Taubman, Frederic

, an eminent German critic, was born at Wonscisch in Franconia, about 1565. His father, who was a tradesman of the lower order, died while Taubman was a child, and his mother married a taylor, who, however, had sense enough to discern the boy’s capacity, and resolved to bring him up to letters. For that purpose he sent him to Culmbach, a town of Franconia, to school, where he remained until he was sixteen years of age, and made an uncommon progress in literature. The circumstances of his parents, however, were so very indifferent, *hat they were unable to furnish him with much, and it is said that he was frequently constrained to beg his bread from door to door. While he was at this school his mother died, and his father-in-law married another wife, who proved very kind to one now become an orphan in every way.

In 1582, George- Frederic, marquis of Brandenburg, having founded a college at Heilbrun, a town of Suabia, collected the promising youth out of all his states, and Taubman among the rest, whose great capacity recommended him to public notice; and who, besides his skill in the Latin and Greek authors, had acquired much fame by his poetry. After staying ten years at Heilbrun, he went in 1592 to Wittemberg, where he soon distinguished himself; and Frederic William, the prince of Saxony, conceived so high an esteem for him, as often to admit him into his company. The professorship of poetry and the | belles lettres becoming vacant in 1595, the university asked it of the court for Taubman, who accordingly took possession of it in October that year, and held it, with great honour to himself, and advantage to the public, as long as he lived. He died of a fever in 1613, leaving five children and a wife, whom he had married in 1596. He was one of those few happy men who had qualities to make himself beloved as well as admired. His very great learning procured him the admiration of mankind; and the liveliness of his disposition, and many private virtues, secured to him their esteem and affection,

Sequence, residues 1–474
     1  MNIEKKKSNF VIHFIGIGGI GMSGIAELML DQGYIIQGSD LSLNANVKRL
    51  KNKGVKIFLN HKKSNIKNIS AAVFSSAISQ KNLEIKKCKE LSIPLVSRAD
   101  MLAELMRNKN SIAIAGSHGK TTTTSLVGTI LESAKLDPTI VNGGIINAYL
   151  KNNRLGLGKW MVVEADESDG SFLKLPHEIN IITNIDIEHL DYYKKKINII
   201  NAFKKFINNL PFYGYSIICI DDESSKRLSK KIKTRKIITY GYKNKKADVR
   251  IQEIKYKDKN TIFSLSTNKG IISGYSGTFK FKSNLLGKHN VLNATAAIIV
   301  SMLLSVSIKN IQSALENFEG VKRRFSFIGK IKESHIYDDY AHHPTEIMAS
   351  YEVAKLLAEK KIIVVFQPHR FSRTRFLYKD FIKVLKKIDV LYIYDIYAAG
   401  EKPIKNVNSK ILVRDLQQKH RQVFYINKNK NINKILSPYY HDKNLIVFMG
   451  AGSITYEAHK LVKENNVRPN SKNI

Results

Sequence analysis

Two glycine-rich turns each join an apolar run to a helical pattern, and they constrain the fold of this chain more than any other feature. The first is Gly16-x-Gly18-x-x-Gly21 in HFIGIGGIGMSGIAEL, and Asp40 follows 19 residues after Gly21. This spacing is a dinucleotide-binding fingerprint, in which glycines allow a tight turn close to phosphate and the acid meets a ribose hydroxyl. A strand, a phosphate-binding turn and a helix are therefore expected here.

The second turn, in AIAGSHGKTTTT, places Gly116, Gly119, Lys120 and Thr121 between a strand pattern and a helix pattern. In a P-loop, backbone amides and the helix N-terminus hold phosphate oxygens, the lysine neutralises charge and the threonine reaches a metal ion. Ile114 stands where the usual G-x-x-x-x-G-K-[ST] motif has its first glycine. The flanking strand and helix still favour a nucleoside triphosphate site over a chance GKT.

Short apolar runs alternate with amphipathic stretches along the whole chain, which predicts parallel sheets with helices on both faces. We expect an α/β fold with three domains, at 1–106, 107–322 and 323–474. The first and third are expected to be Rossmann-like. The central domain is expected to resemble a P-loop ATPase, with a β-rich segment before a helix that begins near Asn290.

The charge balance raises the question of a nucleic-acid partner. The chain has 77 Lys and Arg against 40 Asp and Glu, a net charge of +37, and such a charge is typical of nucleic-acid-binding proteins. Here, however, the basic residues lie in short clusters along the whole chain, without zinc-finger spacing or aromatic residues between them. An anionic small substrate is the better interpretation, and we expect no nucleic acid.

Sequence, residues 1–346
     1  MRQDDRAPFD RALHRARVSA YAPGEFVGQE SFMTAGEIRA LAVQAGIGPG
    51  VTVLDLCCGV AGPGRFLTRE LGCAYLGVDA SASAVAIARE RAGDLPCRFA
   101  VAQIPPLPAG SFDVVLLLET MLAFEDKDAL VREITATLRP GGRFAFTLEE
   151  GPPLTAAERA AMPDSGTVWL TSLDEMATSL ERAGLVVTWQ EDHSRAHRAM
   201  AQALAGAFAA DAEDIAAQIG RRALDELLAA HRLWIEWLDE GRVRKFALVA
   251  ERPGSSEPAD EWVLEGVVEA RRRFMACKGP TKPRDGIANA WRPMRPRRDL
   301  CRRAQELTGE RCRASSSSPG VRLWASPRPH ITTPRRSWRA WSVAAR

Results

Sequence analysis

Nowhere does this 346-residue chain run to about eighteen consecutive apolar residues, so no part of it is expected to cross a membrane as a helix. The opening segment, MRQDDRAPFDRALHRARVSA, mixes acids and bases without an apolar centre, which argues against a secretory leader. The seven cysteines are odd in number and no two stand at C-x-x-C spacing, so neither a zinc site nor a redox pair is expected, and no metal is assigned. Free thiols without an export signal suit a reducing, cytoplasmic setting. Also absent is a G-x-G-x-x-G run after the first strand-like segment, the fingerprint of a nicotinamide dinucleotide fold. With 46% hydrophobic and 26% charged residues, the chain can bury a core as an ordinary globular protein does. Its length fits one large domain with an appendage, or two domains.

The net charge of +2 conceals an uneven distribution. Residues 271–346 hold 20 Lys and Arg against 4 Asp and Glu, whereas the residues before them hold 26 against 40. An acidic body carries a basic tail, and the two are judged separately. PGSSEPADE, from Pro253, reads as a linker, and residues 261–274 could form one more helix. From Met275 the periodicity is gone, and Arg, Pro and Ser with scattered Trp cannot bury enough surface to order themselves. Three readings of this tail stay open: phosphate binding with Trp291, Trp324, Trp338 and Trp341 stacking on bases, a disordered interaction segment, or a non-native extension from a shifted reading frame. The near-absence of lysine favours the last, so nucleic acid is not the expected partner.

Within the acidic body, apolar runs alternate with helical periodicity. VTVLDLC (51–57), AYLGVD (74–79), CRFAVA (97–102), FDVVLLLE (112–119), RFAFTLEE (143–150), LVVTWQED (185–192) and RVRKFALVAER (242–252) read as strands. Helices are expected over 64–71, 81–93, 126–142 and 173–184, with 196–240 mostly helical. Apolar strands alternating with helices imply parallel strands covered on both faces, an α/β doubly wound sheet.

His works are, 1. “Commentarius in Plautum, Francof. 1605;” and in 1612, not only enlarged, but more correct. A third edition, with additions, by Janus Gruterus, was published after his death in 1622. In these editions, which are all in quarto, Taubman has greatly contributed towards the restoration of the true text of Plautus. Joseph Scaliger complimented Taubman upon his Commentary on Plautus; and tells him, that it has all the marks of penetration, judgment, and industry. The learned have since ever considered it in this light; and many consider the second and third editions, notwithstanding the labours of any later critic, as the best we still have of Plautus. After his death was published, by his son, his 2. “Commentarius in Virgiliurn;” which Tanaquil Faber scruples not, in one of his letters, to call the best commentary we have upon Virgil; but this is not the general opinion. 3. “De lingua Latina dissertatio,” published by himself at Wittemburg in 1602. He also published other small pieces, and some Latin poetry. Taubmanniana came out at Leipsic in 1703: Taubman had a great turn for raillery, but whether any of his genuine witticisms can be found in this collection may reasonably admit of a doubt. 1

1

Melchior Adam.—Niceron, vol. XIX.—Dibdin’s Classics.